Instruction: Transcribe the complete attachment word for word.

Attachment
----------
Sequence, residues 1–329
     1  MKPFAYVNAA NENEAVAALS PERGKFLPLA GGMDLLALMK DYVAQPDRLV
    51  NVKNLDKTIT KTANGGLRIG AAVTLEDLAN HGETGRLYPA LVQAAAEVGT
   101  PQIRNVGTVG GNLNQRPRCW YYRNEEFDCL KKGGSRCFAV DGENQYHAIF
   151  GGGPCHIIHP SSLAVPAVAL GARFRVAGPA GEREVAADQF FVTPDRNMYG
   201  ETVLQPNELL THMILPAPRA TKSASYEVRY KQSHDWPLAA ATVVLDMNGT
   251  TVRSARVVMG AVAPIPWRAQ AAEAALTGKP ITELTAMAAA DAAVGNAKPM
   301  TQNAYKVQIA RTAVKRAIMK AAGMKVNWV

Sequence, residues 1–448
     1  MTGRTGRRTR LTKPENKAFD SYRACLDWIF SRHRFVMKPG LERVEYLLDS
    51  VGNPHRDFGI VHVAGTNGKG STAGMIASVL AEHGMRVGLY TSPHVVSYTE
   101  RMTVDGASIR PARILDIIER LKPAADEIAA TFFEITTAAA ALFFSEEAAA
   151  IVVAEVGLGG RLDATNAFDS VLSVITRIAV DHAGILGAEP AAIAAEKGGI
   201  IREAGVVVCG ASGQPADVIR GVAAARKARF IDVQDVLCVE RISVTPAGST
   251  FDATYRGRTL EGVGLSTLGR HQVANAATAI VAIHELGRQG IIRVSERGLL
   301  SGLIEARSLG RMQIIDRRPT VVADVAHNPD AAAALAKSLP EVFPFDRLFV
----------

Sequence, residues 1–329
     1  MKPFAYVNAA NENEAVAALS PERGKFLPLA GGMDLLALMK DYVAQPDRLV
    51  NVKNLDKTIT KTANGGLRIG AAVTLEDLAN HGETGRLYPA LVQAAAEVGT
   101  PQIRNVGTVG GNLNQRPRCW YYRNEEFDCL KKGGSRCFAV DGENQYHAIF
   151  GGGPCHIIHP SSLAVPAVAL GARFRVAGPA GEREVAADQF FVTPDRNMYG
   201  ETVLQPNELL THMILPAPRA TKSASYEVRY KQSHDWPLAA ATVVLDMNGT
   251  TVRSARVVMG AVAPIPWRAQ AAEAALTGKP ITELTAMAAA DAAVGNAKPM
   301  TQNAYKVQIA RTAVKRAIMK AAGMKVNWV

Sequence, residues 1–448
     1  MTGRTGRRTR LTKPENKAFD SYRACLDWIF SRHRFVMKPG LERVEYLLDS
    51  VGNPHRDFGI VHVAGTNGKG STAGMIASVL AEHGMRVGLY TSPHVVSYTE
   101  RMTVDGASIR PARILDIIER LKPAADEIAA TFFEITTAAA ALFFSEEAAA
   151  IVVAEVGLGG RLDATNAFDS VLSVITRIAV DHAGILGAEP AAIAAEKGGI
   201  IREAGVVVCG ASGQPADVIR GVAAARKARF IDVQDVLCVE RISVTPAGST
   251  FDATYRGRTL EGVGLSTLGR HQVANAATAI VAIHELGRQG IIRVSERGLL
   301  SGLIEARSLG RMQIIDRRPT VVADVAHNPD AAAALAKSLP EVFPFDRLFV